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Florida to step up testing for fatal deer disease to limit spread

TALLAHASSEE, Fla. — Some deer killed during two popular hunting days in December must be tested for a contagious disease fatal to the animals as the state expands efforts to limit the spread of the disease.

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The Florida Fish and Wildlife Conservation Commission said Tuesday that deer killed on Dec. 9 and Dec. 10 in most areas of Holmes, Jackson, and Washington counties must be tested for chronic wasting disease at one of 21 check stations before being processed for food or going to taxidermists.

“These counties comprise the CWD (Chronic Wasting Disease) Enhanced Surveillance Zone, and the FWC (Fish and Wildlife Conservation Commission) is prioritizing heightened surveillance and regulations within this zone to reduce the potential spread of CWD both within the zone and throughout the state,” Lauren Claerbout, a spokeswoman for the commission’s Division of Hunting and Game Management, said.

The disease is described as similar to mad cow disease, with deer becoming emaciated and often being found isolated and trembling. While not considered harmful to people, the disease can result in death within four months to deer.

The testing details were presented Tuesday during a meeting in the Holmes County community of Bonifay. Another meeting is scheduled for October 10 in Marianna in Jackson County.

The commission will try to get as many samples as possible to meet testing goals.

“We can get some deer out of season from road kills. but the majority of our samples will come from hunter-harvested deer,” Commission Deer Management Program Coordinator Cory Morea said in Bonifay. “So, it’s really important to get out and hunt and provide samples whenever.”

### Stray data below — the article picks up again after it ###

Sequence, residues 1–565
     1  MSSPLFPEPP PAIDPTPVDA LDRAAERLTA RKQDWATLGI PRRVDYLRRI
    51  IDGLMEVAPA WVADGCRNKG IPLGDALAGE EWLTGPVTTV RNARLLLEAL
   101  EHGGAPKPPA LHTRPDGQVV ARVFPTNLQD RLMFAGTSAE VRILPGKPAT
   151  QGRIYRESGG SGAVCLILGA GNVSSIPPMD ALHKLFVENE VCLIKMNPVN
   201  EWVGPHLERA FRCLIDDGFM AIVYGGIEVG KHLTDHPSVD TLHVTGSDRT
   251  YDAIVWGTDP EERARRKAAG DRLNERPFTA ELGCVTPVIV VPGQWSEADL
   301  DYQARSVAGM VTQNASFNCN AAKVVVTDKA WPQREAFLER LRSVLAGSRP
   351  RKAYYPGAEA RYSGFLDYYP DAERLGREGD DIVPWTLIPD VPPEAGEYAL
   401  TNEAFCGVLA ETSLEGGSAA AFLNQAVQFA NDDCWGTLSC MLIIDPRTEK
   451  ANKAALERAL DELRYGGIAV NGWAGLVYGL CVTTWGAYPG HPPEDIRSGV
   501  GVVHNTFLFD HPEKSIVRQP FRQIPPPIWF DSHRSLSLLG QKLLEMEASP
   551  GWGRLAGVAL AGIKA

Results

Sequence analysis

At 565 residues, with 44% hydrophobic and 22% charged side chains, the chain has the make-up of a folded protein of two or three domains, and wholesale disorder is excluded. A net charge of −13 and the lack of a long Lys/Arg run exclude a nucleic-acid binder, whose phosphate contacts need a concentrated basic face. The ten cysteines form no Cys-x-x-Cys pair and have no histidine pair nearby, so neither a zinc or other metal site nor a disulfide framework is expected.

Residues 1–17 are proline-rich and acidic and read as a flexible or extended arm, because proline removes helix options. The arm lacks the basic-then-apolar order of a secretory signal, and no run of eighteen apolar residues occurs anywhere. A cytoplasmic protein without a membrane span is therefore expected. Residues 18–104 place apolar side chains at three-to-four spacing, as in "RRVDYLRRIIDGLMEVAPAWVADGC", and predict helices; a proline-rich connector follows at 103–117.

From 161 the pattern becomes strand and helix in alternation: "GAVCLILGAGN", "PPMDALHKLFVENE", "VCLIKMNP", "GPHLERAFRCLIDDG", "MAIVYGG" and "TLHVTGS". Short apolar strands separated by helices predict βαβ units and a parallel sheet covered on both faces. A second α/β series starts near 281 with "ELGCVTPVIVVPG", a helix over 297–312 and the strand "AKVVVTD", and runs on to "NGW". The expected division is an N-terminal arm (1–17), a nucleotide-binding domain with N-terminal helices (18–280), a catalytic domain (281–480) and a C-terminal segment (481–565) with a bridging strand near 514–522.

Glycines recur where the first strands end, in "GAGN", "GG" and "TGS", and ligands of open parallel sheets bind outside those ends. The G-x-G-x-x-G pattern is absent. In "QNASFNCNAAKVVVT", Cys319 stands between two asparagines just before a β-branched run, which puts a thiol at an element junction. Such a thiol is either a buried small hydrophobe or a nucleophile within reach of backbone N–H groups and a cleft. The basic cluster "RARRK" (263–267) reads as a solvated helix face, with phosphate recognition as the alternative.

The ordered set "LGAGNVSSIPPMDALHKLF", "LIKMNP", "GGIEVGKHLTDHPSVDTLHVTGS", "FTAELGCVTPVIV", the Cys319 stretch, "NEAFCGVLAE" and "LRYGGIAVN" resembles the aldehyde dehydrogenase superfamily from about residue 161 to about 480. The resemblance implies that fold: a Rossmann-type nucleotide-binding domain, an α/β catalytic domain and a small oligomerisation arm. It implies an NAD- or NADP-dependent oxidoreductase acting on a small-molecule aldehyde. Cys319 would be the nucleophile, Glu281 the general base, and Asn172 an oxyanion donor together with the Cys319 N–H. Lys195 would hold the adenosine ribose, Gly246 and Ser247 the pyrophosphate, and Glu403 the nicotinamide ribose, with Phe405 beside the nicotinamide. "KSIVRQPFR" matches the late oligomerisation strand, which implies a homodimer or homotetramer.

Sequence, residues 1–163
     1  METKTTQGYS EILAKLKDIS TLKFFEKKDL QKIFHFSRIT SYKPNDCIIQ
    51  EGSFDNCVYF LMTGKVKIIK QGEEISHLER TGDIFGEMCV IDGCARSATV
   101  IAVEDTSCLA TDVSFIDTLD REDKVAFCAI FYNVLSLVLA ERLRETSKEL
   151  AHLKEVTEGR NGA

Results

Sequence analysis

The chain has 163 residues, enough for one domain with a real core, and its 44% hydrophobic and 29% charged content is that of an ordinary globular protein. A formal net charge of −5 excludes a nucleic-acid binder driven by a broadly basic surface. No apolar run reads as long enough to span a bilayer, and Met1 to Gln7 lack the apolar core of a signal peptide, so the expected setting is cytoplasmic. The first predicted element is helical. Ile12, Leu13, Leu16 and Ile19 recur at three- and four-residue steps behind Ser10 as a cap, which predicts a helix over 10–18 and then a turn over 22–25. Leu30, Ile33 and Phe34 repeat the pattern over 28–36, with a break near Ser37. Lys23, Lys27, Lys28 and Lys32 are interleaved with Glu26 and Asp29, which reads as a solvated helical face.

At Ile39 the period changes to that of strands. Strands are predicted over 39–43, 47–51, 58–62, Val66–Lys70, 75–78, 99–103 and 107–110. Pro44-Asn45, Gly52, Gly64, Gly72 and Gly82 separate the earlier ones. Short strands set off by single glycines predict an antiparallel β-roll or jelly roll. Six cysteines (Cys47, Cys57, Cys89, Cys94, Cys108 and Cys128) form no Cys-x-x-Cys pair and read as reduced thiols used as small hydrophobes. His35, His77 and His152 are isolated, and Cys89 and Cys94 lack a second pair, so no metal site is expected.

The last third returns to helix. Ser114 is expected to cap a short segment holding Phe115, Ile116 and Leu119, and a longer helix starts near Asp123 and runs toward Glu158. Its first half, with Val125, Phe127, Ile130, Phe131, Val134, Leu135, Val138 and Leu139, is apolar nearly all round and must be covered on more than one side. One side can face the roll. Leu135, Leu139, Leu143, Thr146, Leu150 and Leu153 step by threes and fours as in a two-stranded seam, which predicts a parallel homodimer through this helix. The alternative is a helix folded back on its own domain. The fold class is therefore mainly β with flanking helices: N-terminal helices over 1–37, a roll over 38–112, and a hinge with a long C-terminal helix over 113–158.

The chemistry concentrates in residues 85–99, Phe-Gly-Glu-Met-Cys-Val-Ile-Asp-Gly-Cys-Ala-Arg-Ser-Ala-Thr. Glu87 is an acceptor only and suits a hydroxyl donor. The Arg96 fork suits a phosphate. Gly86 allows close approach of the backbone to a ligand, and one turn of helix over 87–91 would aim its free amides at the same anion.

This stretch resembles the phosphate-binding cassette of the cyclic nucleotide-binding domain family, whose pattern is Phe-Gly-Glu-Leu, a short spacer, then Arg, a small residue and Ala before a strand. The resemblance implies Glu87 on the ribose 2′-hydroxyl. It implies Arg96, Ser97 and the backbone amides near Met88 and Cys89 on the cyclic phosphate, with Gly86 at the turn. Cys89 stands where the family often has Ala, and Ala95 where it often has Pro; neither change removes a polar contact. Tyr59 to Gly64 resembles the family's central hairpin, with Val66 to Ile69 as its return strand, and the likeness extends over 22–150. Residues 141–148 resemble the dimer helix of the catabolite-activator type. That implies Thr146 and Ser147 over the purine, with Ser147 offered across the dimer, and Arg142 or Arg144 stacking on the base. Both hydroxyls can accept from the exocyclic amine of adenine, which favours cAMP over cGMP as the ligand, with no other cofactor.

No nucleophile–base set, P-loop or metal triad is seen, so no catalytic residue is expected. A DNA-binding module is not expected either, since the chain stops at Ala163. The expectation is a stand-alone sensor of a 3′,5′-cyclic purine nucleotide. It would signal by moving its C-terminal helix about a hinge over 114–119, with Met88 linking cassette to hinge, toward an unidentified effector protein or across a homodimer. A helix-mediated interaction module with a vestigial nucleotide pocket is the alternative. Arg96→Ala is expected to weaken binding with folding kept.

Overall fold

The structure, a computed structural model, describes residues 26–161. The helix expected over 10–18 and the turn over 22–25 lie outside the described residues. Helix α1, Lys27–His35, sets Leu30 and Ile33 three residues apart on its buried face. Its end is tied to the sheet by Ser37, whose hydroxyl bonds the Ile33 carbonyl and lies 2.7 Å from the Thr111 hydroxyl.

The commission is asking people who see sick, abnormally thin deer, or deer dead of unknown causes to report the finds. Claerbout said it also is asking hunters to bring in deer heads for testing outside of the “check station weekend.”

The commission issued an emergency order after a case of chronic wasting disease was detected in June in a “road-killed” deer in Holmes County. The positive test was the first known case of a deer in Florida having the disease, which has been found in 30 other states including Alabama and Mississippi.

No additional cases have been detected in close to 200 deer tested since the Holmes County case, but wildlife officials expect an increase in deer deaths from the disease. Directives from the commission will be reevaluated after the upcoming hunting season.

Claerbout said the December weekend --- the start of the second phase of the “general gun” season for deer hunting in the Panhandle region that includes the three counties --- “is very popular for deer hunting.”

“We also looked at harvest reporting data from the last few years to determine which weekend would most likely yield the highest number of harvested deer from that area,” Claerbout said. “Since these check stations will be fully staffed, we needed to pick the most effective time to do this to ensure that we’ll be able to collect as many samples as possible.”

Claerbout said the state will also work with taxidermists and processors in the three-county area and provide drop-off freezers for hunters so samples can be collected.

With no simple treatment or vaccine for chronic wasting disease, deer farmers have expressed concern that a single positive test could require the eradication of entire herds, which in some cases represent millions of dollars in investments.

Florida has monitored the issue since 2002, testing about 17,500 hunter-killed, road-killed, and sick deer.

In 2021, the state placed certain limits on importing deer carcasses into Florida. People can bring in deboned meat, finished taxidermy mounts, and clean hides and antlers.

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